As the Autumn leaves fall and the weather cools down, our wine pallet craves a new taste.

It’s no secret that I am a huge fan of WineBubble, their incredible and unique range of wines never cease to amaze me.

As the company continues to evolve and source wines from all over the world, they have opened my eyes to some of the most exquisite wines around, with the Autumn range being to exception.

If you love cooking (and of course eating) beautiful Italian food, and I certainly do, you will LOVE the Vinum Vita Est Barolo Nebbiolo 2011! This is hands down of of the most incredible red wines I have ever tried. The wine is dry and rich with a velvety soft touch.

With Autumn being all about those beautiful cheese platters – the perfect wine pairing is a must! If you’re a fan of a dry white with fuity tones the Lagar de Indra Albarino 2015 is lovely, ideal for those relaxing Sunday afternoons.

But if you want to add a little prosciutto to the platter and make it an antipasto – the Love Vineyards Malbec 2015 is divine with balanced flavours of fruit, spices and wood.

The list of amazing rich wine this Autumn is truly heavenly, so it was my pleasure to sit down with founder Red Norrie to get an insider’s guide to what we should be sipping.

What are some of the Autumn wine trends we can expect?

The continued march of international wines will continue.

Both Australian styles of international grapes like Barbera, Sangiovese, Tempranillo, Fiano and Arneis, as well as wines from overseas particularly Europe and the USA.

Our local heavy hitters, Shiraz, Chardonnay and Cabernet, will always be strong but we think the consumer is looking in Autumn for wines that are lighter in style, lower alcohol and more medium in body at this time of year.

That’s where some of the European wines and grape varieties fit in, as many of their climates suit the production of medium body wines like Barbera, Gamay, Pinot Noir, Chenin Blanc, Riesling and Gruner Veltliner.

What are your 2 top white and two top reds are we start to move into the cooler weather?

Top 2 whites have to be Gruner Veltliner from Austria – a great change from Chardonnay and lovely luscious wines that are very versatile food wines, perfect with Asian dishes, salads, more robust chicken and cured meats.

And German Riesling as it is less dry than Australian Riesling (still dry though) so gives a little more of a roundness and is delicious with many foods as well.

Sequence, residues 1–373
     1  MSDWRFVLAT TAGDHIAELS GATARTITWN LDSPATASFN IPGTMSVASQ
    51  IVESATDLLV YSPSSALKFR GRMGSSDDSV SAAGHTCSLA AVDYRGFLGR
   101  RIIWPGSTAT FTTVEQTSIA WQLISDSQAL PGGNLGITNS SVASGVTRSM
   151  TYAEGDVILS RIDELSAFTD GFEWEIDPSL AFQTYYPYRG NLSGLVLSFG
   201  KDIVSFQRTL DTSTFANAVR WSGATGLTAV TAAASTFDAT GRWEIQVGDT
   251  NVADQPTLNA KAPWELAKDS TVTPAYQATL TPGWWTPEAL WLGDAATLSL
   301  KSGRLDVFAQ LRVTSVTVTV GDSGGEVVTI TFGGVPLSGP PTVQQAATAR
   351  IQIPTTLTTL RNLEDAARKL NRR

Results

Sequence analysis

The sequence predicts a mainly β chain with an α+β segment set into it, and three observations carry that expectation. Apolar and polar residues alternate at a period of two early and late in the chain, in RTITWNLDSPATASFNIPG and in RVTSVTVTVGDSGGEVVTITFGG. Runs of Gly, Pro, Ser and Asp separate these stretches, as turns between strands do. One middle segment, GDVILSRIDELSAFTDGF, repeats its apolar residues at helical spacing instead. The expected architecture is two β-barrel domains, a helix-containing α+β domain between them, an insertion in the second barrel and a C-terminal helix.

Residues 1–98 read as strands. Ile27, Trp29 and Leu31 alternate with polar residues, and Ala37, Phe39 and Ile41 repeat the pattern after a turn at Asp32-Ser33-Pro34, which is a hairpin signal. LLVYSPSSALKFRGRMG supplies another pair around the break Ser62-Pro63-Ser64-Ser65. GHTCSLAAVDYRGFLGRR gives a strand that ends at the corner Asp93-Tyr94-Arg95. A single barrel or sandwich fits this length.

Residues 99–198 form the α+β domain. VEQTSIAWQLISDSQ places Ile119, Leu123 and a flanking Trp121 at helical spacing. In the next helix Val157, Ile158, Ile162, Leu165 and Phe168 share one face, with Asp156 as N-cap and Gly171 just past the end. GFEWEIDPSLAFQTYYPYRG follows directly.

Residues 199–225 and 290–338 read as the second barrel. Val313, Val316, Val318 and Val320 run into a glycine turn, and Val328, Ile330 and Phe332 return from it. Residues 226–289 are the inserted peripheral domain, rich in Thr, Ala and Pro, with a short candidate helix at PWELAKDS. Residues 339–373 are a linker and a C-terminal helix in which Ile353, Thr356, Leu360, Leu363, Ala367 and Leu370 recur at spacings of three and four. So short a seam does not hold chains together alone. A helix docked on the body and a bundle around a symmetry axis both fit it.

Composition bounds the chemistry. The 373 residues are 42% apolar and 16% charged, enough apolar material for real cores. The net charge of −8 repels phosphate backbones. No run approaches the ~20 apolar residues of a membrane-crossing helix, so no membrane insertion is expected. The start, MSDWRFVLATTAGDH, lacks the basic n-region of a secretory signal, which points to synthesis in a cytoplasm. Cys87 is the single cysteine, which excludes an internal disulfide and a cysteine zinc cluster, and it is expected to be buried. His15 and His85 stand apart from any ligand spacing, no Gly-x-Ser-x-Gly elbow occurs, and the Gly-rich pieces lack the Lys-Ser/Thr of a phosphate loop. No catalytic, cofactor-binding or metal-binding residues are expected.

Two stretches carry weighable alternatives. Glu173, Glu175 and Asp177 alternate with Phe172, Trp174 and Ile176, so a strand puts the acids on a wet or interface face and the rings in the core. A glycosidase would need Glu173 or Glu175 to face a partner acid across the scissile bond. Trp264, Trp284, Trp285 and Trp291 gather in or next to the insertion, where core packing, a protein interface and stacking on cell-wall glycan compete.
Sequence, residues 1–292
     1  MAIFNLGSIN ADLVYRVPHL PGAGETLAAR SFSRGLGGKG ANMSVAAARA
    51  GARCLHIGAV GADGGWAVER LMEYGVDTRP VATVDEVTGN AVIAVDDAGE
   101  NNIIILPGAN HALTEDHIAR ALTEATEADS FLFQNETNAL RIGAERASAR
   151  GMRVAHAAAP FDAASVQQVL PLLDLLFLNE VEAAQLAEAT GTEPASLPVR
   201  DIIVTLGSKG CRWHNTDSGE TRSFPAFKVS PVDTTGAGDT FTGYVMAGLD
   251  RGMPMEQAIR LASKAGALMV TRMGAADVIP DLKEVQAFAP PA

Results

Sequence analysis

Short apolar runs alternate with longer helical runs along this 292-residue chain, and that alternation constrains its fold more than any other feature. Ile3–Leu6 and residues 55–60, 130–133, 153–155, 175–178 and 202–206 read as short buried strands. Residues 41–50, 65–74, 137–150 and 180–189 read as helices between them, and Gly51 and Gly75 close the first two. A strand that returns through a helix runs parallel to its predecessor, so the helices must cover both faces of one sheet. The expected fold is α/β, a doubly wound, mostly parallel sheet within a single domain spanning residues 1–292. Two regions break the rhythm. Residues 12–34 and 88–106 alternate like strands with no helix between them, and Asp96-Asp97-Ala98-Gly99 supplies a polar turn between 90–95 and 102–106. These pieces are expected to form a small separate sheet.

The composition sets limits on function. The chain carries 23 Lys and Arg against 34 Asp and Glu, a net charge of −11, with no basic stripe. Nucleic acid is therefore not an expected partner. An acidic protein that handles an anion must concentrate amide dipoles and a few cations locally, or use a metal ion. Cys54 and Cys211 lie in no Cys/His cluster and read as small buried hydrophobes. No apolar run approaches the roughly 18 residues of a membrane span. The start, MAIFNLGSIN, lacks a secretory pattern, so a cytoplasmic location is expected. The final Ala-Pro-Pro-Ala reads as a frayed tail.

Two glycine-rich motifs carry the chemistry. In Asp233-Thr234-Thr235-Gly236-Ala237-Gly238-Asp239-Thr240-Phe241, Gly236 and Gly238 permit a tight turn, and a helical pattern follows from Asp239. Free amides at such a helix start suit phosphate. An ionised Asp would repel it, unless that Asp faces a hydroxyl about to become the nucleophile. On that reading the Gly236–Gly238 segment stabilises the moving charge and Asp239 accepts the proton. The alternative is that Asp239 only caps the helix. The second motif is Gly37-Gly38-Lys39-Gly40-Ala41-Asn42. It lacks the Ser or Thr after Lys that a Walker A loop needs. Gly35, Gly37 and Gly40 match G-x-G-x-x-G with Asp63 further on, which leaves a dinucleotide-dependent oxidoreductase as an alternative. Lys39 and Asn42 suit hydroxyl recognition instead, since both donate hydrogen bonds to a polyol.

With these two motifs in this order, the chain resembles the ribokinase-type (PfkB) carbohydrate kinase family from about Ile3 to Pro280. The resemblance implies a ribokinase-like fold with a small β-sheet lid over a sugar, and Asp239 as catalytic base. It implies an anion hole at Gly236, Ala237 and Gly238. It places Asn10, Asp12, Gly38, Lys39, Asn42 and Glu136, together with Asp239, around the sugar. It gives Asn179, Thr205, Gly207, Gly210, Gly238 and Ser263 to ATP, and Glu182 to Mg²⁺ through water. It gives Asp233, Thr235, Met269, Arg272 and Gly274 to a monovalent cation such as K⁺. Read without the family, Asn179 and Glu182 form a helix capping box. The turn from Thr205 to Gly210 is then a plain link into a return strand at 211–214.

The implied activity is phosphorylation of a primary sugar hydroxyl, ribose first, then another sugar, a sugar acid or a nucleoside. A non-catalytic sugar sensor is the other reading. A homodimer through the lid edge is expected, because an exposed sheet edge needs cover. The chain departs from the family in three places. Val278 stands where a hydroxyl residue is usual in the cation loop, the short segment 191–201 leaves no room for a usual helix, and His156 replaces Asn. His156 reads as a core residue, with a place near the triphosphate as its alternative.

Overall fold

Riesling has been called the King of all grapes by a world-renowned wine commentator.

Top 2 reds have to be Beaujolais from France – not the young, confected Nouveau style (leave that alone) but the richer, aged, complex wines from the Villages or one of the 13 ‘Crus’.

These wines are delicious, similar in style to Pinot Noir yet offer much better value than most Pinots from around the world.

The other red are love is Barbera as it offers young, easy drinking styles through to richer, cellar-worthy wines yet it remains the lesser red grape from Piedmont in North-East Italy: the Nebbiolo grape being the king red of this region.

Australian Barbera wines from the likes of the King Valley in Victoria are also fantastic.

What is the best wine to be serving at a family Sunday lunch?

Something fun and richer in body to work with your lovely food and the cooler temperatures. As Autumnal feasts tend to be a little heartier than Summer, a medium-bodied white or red wine tends to work really well.

 

Think well-known white wines like lightly oaked Chardonnay or Riesling, or lovely richer whites from international varieties like Chenin Blanc, Arneis or Gruner Veltliner.

Or red wines from Pinot Noir, Barbera or Gamay grapes from Australia, France and Italy.

What are the 3 new wine that will blow us away this season?

Three wines that you will see more of this season we think are Beaujolais from France, Riesling from Germany and Pinot Noir from around the world.

All being well-loved medium-body wines, we see these wines and regions are increasing in popularity.

Pinot Noir we expect to pop in the coming years due to its favour as an easy-drinking, lower alcohol, light-to-medium body wine.

Burgundy continues to price itself out of the general consumer market.

Demand for NZ Sauvignon Blanc stalls leaving Marlborough producers looking for something to do with their vines and Pinot works very well in this region, and can be produced much cheaper than Central Otago Pinot so NZ will start to push NZ Pinot much harder (you heard this first here!).